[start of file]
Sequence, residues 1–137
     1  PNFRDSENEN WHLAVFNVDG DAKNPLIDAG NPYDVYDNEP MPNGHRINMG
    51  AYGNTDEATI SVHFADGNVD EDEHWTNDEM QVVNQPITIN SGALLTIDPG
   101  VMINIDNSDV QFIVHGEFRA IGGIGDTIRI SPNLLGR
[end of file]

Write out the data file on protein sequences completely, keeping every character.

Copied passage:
Sequence, residues 1–137
     1  PNFRDSENEN WHLAVFNVDG DAKNPLIDAG NPYDVYDNEP MPNGHRINMG
    51  AYGNTDEATI SVHFADGNVD EDEHWTNDEM QVVNQPITIN SGALLTIDPG
   101  VMINIDNSDV QFIVHGEFRA IGGIGDTIRI SPNLLGR